St. George’s University: What prompted you to apply for this fellowship position in particular? 

Ryan Toews: I was drawn to the opportunity to further develop my acute care skills in order to provide a high quality of care to patients in a wide variety of settings.   

SGU: What does this fellowship position mean for your future? 

Dr. Toews: It will mean that emergency medicine will be a large focus of my career, as well as the provision of acute care medicine. I hope this leads to an improved and versatile skillset that will allow me to practice in rural, regional, and urban settings. 

SGU: How would you describe your residency experience at the University of Saskatchewan? 

Dr. Toews: Building on skills learned from clerkship, residency has been a very positive experience with a faculty dedicated to teaching and cultivating clinical knowledge. I have been able to apply my clinical skills to a variety of different patient populations in a variety of different settings.  

SGU: How did SGU prepare you for residency and the next step in your career? 

Dr. Toews: SGU created a solid foundation as well as engrained a strong work ethic that has allowed me to be successful in both residency and fellowship. 

– Tornia Charles

 

A closer look at COVID-19 vaccines

Matthew J. Memoli, MD ’02, director of Laboratory of Infectious Diseases (LID) Clinical Studies Unit at the National Institute of Allergy and Infectious Diseases, explains what people can expect should they choose to receive a coronavirus disease (COVID-19) vaccine, while also sharing what they can do to stay healthy in the meantime.

The Government of Grenada announced earlier this month that the country would receive more than 45,000 vaccine doses for its citizens.

 

9 Questions with MD Student Ololade Akinfemiwa

Ololade Akinfemiwa

Ololade Akinfemiwa, MD ’21 (expected), is enjoying her challenging internal medicine rotation as a fourth-year student at a clinic affiliated with Kingsbrook Jewish Medical Center.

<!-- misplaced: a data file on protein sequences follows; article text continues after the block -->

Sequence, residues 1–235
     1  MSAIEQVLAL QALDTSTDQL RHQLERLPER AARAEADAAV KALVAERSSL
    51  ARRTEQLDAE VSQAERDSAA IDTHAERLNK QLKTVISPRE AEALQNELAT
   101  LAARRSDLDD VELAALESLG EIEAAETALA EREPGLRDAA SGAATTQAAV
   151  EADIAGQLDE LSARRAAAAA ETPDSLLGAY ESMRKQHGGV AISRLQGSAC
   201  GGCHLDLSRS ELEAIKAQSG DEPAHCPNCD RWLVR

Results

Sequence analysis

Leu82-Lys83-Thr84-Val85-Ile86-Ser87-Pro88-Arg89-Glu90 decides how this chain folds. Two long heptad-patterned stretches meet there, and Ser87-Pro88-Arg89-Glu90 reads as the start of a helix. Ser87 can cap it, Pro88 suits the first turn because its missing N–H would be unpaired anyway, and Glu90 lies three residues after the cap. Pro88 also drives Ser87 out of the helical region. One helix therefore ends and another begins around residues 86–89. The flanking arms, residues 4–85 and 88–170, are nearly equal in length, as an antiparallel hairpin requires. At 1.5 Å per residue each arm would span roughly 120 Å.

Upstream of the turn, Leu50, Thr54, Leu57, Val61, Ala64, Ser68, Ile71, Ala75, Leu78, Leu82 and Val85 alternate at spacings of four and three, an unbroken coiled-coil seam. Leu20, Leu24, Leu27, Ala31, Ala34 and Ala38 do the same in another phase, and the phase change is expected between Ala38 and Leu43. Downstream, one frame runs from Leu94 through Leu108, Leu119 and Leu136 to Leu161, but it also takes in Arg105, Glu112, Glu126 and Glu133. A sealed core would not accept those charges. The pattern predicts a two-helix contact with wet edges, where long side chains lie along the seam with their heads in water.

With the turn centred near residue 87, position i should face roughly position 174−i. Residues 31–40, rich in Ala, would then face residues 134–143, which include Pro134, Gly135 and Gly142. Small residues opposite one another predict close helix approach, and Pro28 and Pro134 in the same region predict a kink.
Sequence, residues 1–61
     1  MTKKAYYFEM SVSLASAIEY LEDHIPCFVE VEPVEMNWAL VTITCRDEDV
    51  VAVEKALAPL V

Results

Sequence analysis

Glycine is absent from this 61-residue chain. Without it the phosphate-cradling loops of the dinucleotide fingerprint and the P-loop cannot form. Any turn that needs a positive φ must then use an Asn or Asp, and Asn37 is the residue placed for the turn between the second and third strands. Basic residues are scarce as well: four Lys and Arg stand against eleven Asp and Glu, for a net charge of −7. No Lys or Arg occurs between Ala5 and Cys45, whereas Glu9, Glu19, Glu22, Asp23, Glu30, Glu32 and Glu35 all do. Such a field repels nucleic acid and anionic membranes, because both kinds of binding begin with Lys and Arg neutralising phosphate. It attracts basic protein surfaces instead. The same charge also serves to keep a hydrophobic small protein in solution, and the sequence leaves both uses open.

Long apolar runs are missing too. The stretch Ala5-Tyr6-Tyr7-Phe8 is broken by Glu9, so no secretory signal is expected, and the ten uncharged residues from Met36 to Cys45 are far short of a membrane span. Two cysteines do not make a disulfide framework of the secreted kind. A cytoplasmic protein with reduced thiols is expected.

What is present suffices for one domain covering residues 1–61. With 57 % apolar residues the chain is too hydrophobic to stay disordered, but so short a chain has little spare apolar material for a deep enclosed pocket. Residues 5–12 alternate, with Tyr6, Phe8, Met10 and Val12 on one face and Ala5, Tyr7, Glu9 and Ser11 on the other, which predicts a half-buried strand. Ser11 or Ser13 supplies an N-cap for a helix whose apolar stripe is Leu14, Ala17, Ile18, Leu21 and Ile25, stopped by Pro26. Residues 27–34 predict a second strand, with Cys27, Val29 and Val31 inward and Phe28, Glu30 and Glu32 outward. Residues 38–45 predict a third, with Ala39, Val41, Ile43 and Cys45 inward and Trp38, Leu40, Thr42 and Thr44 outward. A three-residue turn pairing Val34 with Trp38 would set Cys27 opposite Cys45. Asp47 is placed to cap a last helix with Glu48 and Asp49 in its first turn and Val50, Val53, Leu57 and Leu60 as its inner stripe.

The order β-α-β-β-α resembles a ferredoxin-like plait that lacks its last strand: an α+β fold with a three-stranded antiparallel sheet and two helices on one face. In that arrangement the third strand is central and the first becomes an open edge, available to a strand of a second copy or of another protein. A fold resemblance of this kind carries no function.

Originally from Toronto, Canada, she chose St. George’s University because, after speaking with a number of graduates practicing in the US and Canada in various specialties—all encouraged her to apply. “I am glad I did,” she said.

Hoping to inspire more black women to go into medicine, Miss Akinfemiwa is active within the Student National Medical Association (SNMA), serving as vice chair of the national chapter’s Community Service Committee. SNMA is committed to supporting current and future underrepresented minority medical students by addressing the needs of underserved communities, and increasing the number of “clinically excellent, culturally competent, and socially conscious physicians.”

Get to know Miss Akinfemiwa below.

1. What are you learning right now in your internal medicine rotation?

Ololade Akinfemiwa: I am currently on an outpatient rotation and I am learning the importance of effective communication of health-related information. It makes a huge difference when patients have a good understanding of their medical conditions and how to manage them.

2. What is the most surprising or exciting lesson/case learned while in clinical rotations?

Akinfemiwa: I saw a patient with Lyme disease with the classic rash that looks like a bull’s eye. I had so many questions about it and was excited to actually see it in person.